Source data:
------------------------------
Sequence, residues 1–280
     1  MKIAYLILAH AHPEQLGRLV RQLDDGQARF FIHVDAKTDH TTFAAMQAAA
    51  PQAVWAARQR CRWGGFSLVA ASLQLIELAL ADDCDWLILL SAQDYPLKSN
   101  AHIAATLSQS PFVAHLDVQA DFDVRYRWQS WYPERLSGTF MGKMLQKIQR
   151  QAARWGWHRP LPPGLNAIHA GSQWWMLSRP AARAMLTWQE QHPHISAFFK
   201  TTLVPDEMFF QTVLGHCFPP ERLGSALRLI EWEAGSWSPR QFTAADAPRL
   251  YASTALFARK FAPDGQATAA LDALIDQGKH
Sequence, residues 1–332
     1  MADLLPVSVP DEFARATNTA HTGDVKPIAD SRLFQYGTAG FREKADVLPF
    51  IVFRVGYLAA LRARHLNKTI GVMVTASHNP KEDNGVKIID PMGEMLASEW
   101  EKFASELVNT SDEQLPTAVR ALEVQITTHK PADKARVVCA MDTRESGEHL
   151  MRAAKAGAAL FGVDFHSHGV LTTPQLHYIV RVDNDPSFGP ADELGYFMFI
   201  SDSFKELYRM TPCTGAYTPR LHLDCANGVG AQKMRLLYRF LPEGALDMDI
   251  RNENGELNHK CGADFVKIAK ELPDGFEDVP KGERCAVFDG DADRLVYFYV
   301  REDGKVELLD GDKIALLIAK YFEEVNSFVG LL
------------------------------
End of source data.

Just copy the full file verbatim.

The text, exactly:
Sequence, residues 1–280
     1  MKIAYLILAH AHPEQLGRLV RQLDDGQARF FIHVDAKTDH TTFAAMQAAA
    51  PQAVWAARQR CRWGGFSLVA ASLQLIELAL ADDCDWLILL SAQDYPLKSN
   101  AHIAATLSQS PFVAHLDVQA DFDVRYRWQS WYPERLSGTF MGKMLQKIQR
   151  QAARWGWHRP LPPGLNAIHA GSQWWMLSRP AARAMLTWQE QHPHISAFFK
   201  TTLVPDEMFF QTVLGHCFPP ERLGSALRLI EWEAGSWSPR QFTAADAPRL
   251  YASTALFARK FAPDGQATAA LDALIDQGKH
Sequence, residues 1–332
     1  MADLLPVSVP DEFARATNTA HTGDVKPIAD SRLFQYGTAG FREKADVLPF
    51  IVFRVGYLAA LRARHLNKTI GVMVTASHNP KEDNGVKIID PMGEMLASEW
   101  EKFASELVNT SDEQLPTAVR ALEVQITTHK PADKARVVCA MDTRESGEHL
   151  MRAAKAGAAL FGVDFHSHGV LTTPQLHYIV RVDNDPSFGP ADELGYFMFI
   201  SDSFKELYRM TPCTGAYTPR LHLDCANGVG AQKMRLLYRF LPEGALDMDI
   251  RNENGELNHK CGADFVKIAK ELPDGFEDVP KGERCAVFDG DADRLVYFYV
   301  REDGKVELLD GDKIALLIAK YFEEVNSFVG LL